Appletons' Cyclopædia of American Biography/Huet de Navarre
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Huet de Navarre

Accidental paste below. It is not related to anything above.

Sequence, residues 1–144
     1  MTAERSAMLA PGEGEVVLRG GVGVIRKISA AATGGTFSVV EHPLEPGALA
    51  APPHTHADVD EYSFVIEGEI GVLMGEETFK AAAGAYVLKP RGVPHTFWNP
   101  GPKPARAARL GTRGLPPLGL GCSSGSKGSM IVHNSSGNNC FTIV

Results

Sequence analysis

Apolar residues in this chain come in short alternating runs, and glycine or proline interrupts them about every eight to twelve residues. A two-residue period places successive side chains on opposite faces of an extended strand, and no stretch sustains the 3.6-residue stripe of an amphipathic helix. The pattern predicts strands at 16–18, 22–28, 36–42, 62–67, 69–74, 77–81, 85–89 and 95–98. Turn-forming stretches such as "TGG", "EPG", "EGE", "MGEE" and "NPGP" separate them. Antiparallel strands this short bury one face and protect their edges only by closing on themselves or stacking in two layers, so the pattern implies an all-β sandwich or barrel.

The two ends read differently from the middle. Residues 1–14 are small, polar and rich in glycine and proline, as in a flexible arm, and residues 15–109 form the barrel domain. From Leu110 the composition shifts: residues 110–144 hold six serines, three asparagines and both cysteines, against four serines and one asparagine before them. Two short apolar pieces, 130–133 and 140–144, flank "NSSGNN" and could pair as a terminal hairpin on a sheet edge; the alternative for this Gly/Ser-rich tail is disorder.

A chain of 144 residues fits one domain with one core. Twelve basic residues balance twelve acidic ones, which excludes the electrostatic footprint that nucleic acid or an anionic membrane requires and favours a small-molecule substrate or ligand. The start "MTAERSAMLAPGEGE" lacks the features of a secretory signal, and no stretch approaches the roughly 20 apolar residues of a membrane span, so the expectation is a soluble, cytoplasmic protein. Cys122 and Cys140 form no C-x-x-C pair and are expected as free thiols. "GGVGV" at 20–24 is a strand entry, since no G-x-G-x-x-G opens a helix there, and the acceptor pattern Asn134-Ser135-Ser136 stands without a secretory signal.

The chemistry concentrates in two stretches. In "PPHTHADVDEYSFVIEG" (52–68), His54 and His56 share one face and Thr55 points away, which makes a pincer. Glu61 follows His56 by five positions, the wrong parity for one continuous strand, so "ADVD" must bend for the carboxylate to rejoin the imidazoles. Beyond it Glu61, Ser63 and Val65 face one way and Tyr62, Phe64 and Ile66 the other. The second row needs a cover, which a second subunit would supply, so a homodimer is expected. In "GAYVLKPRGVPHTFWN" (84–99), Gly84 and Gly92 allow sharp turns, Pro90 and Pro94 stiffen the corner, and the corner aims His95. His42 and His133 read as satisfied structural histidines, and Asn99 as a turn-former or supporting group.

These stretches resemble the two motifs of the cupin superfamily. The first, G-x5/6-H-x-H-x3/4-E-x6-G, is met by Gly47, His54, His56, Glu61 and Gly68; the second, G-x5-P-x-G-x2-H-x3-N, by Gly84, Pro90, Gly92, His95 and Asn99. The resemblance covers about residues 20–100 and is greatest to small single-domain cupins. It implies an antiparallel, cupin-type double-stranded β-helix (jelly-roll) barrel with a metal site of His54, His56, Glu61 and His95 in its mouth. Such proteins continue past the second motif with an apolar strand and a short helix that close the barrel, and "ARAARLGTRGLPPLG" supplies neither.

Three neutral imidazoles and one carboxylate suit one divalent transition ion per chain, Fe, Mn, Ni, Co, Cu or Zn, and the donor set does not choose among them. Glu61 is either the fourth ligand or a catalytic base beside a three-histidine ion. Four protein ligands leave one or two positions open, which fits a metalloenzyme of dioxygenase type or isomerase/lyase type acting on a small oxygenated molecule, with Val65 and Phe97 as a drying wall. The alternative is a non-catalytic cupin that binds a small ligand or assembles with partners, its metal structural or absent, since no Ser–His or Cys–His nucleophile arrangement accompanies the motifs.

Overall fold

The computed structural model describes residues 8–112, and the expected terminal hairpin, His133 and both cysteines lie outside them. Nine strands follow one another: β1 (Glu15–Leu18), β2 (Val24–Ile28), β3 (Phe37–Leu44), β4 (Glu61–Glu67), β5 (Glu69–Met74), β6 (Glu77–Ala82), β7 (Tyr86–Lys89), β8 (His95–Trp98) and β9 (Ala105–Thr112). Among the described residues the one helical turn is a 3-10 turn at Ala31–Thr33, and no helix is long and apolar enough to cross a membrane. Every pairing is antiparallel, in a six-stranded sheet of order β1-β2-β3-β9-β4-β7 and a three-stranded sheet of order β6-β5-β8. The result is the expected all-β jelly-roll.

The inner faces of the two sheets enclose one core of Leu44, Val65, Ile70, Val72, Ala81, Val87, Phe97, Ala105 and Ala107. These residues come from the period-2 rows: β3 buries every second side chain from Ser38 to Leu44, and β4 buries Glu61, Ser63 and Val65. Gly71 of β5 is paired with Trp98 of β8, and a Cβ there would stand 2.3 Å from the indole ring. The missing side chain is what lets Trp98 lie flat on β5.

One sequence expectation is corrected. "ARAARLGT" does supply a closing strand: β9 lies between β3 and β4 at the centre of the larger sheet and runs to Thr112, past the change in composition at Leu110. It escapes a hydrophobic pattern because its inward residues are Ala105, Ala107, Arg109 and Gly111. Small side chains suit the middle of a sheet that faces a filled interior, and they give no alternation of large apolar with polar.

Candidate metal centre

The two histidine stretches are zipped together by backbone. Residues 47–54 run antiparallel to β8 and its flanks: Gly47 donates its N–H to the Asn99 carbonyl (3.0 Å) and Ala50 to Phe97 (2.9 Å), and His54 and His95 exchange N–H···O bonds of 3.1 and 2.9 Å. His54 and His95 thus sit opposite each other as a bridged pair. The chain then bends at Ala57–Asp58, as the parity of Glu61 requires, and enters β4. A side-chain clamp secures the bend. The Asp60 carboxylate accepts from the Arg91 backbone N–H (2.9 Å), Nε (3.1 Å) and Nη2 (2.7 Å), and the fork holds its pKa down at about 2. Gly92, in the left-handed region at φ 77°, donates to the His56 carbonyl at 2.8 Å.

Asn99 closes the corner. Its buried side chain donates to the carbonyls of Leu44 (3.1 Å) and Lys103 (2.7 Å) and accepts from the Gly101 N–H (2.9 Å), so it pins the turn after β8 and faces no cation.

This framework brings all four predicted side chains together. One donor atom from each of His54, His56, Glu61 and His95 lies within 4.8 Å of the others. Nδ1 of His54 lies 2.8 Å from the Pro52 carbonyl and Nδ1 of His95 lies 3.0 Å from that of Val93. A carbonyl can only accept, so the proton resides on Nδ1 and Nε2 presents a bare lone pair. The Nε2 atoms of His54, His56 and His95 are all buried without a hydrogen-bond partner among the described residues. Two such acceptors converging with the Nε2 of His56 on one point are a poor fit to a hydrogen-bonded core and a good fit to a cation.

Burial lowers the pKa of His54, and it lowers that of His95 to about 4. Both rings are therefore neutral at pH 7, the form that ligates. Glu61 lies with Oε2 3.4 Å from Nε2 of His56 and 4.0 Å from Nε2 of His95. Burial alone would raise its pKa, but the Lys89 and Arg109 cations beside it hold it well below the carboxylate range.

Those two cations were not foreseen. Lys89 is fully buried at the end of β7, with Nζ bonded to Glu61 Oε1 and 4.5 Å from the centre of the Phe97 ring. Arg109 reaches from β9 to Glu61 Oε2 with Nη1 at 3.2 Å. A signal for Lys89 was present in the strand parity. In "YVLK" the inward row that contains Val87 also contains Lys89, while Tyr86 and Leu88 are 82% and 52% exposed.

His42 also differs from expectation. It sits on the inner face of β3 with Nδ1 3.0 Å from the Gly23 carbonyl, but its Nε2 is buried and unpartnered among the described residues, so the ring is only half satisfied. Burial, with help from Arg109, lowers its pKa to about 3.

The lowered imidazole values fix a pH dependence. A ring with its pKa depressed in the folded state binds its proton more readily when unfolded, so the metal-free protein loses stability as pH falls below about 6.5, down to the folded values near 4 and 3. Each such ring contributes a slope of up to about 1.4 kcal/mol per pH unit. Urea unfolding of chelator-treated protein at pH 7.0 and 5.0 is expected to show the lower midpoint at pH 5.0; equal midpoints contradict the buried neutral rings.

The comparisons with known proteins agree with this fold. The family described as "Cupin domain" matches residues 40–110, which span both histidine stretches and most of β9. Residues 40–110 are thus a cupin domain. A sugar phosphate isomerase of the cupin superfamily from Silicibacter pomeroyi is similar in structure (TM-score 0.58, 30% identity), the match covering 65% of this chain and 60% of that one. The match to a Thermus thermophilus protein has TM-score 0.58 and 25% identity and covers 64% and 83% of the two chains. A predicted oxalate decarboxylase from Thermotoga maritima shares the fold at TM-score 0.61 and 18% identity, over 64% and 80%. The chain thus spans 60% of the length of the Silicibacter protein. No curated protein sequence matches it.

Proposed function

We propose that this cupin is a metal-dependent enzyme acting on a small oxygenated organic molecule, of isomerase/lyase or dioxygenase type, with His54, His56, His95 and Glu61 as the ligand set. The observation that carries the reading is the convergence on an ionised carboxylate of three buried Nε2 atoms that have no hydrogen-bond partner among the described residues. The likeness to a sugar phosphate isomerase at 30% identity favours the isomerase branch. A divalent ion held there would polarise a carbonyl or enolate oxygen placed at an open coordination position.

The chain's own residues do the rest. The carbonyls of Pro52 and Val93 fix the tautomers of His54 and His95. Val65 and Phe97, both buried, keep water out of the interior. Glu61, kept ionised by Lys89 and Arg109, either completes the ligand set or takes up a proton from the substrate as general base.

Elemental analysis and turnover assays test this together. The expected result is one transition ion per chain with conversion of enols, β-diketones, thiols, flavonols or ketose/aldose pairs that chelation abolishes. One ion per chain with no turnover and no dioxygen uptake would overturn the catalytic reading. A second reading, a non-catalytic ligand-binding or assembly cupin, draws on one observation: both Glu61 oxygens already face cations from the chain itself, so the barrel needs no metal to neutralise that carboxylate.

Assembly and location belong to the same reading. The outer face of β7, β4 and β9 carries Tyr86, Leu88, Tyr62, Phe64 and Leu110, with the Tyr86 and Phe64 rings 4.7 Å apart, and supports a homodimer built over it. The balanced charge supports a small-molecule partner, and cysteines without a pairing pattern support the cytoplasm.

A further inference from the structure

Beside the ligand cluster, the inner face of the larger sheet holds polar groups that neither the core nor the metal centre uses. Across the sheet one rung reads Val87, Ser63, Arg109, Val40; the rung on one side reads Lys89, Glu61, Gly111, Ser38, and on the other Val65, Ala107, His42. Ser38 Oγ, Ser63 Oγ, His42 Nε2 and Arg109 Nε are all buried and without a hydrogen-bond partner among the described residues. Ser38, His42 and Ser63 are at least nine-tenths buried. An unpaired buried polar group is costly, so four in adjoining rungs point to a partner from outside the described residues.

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HUET DE NAVARRE, French governor of Cayenne, born in Conde sur Noireau in 1611; died in Surinam in 1658. Several merchants of Rouen founded in 1640 the Society of the Cap Nord, and obtained from Louis XIII. the concession of the vast countries between the Orinoco and the Amazon on condition that they should establish there a French colony. An expedition of 300 men sailed accordingly from Dieppe on 1 September, 1643, arriving on the banks of Cayenne on 25 November Poncet de Bretigny was the commander, and Huet de Navarre acted as his lieutenant. The new colonists established themselves in the island of Cayenne, and built a fortress on the mountain Ceperon, as a barrier against the incursions of the Indians. Meanwhile the violent temper of Bretigny created trouble; he was murdered by soldiers, and Huet de Navarre was elected to his place in 1644. Under the wise administration of the new governor, the young colony prospered, and a re-enforcement of forty laborers, received in the following year, enabled him to pass to the continent and extend the possessions of the company. But troubles arose again among the colonists, caused principally by the unhealthful climate. Many returned to France, and Huet to Fort Ceperon, awaiting anxiously new re-enforcements, 1647. The Company of Cap Nord relinquished its rights to a new society (1652), which took the name of Les 12 seigneurs, compagnie de la France 5quinoxiale, and sent from Havre an expedition of 800 men under the command of Chevalier de Royville. The latter died at sea, and on landing at Cayenne, 30 September, 1652, the new colonists elected Huet president of the board of four members, who represented the company. The French establishments prospered for several years, and had extended far inland, when a disastrous fire, caused by a lunatic, destroyed all the stores of the colonists in 1656. The Galibis Indians took that opportunity to renew their attacks, and the French resolved to seek refuge at Surinam. Huet opposed the evacuation of Cayenne, but want of provisions compelled him to yield, and, after severe fighting with the Galibis, his forces reached Surinam; but he was so exhausted by the journey that he died a few days later.